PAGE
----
India: on the right track

IDFC’s Aditya Aggarwal explains why tangible reforms to ease project development – on top of efforts to unlock financing – will help private investment flow towards Indian infrastructure.

There was the non-negligible Rs200billion (€2.9billion; $3.2billion) National Investment and Infrastructure Fund, and the promise of tax-free infrastructure bonds for roads, rail and irrigation projects. There was also the Rs1trillion allocation for “Ultra Mega Power Projects” of 4 gigawatts (GW), as well as new financing instruments that will become available to institutions and banks as of April this year.

But the real gems in Finance Minister Arun Jaitley’s first full-year budget, unveiled before India’s House of Representatives this week-end, may not have been in the numbers.
For those who grapple with ‘on-the-ground’ issues of contract efficiency and construction risks on a daily basis, says Aditya Aggarwal, managing director of Indian fund manager IDFC project equity, the real cause for optimism lied in the fine print of the minister’s declarations of intent.

“The investment cycle in India has come to a standstill not so much because of a lack of financing as because of the bad experiences in the recent past around implementation and regulatory interface. So what the budget has done this time around which will make a true difference is […] the acknowledgement from government that there has to be a real shift in risk sharing towards the public sector.”

On top of the above listed measures, fresh financing going to infrastructure include a Rs700billion increase to the current general infrastructure budget ($11.3billion) as well as a Rs250billion allocation to the Rural Infrastructure Development Fund, which was created last year with only half that amount.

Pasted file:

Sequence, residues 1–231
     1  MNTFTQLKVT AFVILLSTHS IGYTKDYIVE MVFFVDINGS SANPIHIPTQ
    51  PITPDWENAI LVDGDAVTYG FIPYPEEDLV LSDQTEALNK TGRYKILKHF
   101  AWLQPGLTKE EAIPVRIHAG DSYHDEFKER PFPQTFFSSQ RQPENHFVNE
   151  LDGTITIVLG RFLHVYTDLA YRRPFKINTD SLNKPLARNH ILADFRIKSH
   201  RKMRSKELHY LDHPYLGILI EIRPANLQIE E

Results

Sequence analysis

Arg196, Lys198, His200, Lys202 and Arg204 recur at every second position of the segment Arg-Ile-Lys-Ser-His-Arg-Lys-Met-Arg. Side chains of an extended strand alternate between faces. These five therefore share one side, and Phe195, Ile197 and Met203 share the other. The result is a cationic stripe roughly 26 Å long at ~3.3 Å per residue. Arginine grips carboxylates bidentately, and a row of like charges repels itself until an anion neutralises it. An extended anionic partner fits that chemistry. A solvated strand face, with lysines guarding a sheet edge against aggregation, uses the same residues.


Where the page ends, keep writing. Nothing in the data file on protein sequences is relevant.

But the main cause for Aggarwal’s enthusiasm lies essentially in three short sentences – which only came fourth in the Minister’s string of measures and after several sets of attention-grabbing numbers:

“The PPP mode of infrastructure development has to be revisited, and revitalised”; “The major issue involved is rebalancing of risk”; and “In infrastructure projects, the sovereign will have to bear a major part of the risk without, of course, absorbing it entirely.”

According to Aggarwal, there are certain risks the private sector is very well equipped to take on, such as the financing and revenue risks, as part of its effort to improve efficiency of operations at the project level. But there are also some it simply shouldn’t assume. In particular, he says, the government is better placed to obtain the necessary guarantees like rights of way, environmental approvals, and land right, to mitigate construction risk.

The announcement of a “plug-and-play” set up for five large-scale power projects, each of a generating capacity of 4 gigawatts (GW), follows the same idea: before the private sector is invited to disburse its first dollar, the government has to ensure that land is available, environmental approvals are all cleared and all other permits are granted.

The government believes this measure will unlock investments of up 1 trillion rupees by changing investor sentiment towards India’s business climate. Plans are under deliberation to apply this plug-and-play set-up to other infrastructure projects such as roads, ports, rail lines and airports.

Second in Aggarwal’s list of causes for optimism is the promise of a revision of the dispute resolution system.